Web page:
Jerusalem-based Zore is one of a group of companies trying to make guns safer, and it has a personal reason to do so.
The company, led by CEO Yonatan Zimmerman, was founded by a group of Israeli army veterans, who decided to tackle accidental deaths caused by the misuse of firearms after an army friend of theirs was shot by friendly fire.
The team has developed a gun lock, Zore X, that combines a gun’s original mechanism with technology to create a storage solution that is safe but still allows easy access for use when needed.
The product is a smart cartridge-shaped locking device for semiautomatic guns that prevents unauthorized use and alerts gun owners by phone if an attempt has been made to move or unlock their firearm. ZORE X’s design allows users to swiftly unlock and eject the cartridge, offering the quickest way for guns to go from locked to loaded.
The smart cartridge-shaped device can lock the majority of semiautomatic guns by just pressing a button. It can be unlocked manually, using a code that can be input without looking at the lock, by simply feeling the number of clicks between each turn of the lock. Once unlocked, charging the gun will eject ZORE X and chamber a fresh round immediately. ZORE also offers gun owners the option of unlocking the device via their smartphone. However, the device can only be locked manually by pressing the lock button and is not dependent on the phone in any way, the company said.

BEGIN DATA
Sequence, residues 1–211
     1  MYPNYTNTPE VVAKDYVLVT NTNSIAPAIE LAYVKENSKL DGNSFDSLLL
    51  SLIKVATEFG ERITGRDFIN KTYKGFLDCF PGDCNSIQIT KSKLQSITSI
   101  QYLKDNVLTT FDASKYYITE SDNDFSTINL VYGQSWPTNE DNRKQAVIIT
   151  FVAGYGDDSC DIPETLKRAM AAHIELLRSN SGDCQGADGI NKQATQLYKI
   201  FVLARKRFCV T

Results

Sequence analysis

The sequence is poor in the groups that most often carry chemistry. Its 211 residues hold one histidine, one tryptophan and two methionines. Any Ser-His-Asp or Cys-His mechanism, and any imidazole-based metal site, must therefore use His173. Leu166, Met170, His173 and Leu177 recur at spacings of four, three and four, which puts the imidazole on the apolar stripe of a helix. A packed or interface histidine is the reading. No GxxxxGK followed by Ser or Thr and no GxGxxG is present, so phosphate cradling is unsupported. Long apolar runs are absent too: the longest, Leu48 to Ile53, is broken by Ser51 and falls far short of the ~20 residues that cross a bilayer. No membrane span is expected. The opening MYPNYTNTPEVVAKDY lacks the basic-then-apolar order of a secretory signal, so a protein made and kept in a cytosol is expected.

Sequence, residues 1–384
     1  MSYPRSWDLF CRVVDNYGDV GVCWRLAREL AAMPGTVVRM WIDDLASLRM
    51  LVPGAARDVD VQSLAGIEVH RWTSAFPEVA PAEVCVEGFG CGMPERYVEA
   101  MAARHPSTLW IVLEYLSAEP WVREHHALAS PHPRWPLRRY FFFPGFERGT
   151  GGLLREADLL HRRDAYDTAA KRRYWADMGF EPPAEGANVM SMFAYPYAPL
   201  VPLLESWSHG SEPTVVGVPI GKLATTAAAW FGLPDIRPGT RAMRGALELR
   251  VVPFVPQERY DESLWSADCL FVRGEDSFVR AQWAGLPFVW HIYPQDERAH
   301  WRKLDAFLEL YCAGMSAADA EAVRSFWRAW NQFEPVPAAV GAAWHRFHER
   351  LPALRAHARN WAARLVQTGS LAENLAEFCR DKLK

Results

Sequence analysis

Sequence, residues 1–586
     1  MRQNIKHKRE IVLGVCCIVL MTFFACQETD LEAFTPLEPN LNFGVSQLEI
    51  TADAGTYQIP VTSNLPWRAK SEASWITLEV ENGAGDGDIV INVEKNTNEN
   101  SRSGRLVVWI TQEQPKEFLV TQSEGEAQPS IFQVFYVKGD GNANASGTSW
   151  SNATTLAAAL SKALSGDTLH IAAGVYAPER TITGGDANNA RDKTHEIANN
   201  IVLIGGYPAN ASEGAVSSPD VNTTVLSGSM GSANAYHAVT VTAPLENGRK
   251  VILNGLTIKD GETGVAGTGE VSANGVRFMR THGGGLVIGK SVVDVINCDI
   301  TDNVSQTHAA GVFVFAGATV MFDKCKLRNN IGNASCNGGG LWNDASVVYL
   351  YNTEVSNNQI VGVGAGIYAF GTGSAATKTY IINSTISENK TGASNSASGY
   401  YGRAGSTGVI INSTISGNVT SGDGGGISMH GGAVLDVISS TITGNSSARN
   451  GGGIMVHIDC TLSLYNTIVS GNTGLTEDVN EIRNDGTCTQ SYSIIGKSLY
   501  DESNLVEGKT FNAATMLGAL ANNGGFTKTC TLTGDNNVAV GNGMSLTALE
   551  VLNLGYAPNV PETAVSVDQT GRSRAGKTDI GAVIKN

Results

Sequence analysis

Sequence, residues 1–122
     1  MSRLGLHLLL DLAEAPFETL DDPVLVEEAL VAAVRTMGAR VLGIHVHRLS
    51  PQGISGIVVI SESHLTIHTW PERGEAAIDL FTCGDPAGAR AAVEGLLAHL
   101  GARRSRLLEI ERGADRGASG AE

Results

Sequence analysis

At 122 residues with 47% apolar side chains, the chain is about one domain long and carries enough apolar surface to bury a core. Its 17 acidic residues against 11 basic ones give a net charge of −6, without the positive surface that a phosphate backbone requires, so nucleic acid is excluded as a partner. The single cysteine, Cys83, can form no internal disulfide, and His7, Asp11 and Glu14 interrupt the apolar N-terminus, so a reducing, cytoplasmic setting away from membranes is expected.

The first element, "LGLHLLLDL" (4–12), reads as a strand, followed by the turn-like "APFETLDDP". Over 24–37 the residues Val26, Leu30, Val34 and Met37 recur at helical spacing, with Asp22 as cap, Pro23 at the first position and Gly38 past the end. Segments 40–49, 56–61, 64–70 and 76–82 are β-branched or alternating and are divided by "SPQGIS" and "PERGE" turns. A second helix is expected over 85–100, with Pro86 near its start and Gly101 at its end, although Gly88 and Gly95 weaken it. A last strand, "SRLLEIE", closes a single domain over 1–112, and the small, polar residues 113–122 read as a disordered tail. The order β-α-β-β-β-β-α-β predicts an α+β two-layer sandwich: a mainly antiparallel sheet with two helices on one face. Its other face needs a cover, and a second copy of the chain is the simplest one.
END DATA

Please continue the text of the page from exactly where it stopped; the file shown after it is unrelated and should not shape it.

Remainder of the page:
Zore is not alone in developing new ideas to make guns safer. In a July 14 report, CB Insights, a New York based data company identified 10 companies, including Zore, that are leading the push to better and safer guns, as gun violence in America and other recent tragedies are spurring the public and private sector to look for solutions to this often fatal problem.
Among the companies developing smart guns, CB Insights mentions California-based Yardarm Technologies Inc., which is developing a wireless firearm technology for law enforcement, private security and the military, with a sensor allowing organizations to be more aware of what is happening with the firearms of their officers. Columbus, Georgia’s SGTi is developing kits that fit personal firearms with a fingerprint sensor, so only an authorized user can fire the weapon. And Detroit-based Identilock has developed a biometric fingerprint scanner that fits over the trigger of the gun to prevent misuse.
Zore has raised $416,516 to date in purchases of its gun lock from an Indiegogo crowdfunding campaign it launched in June.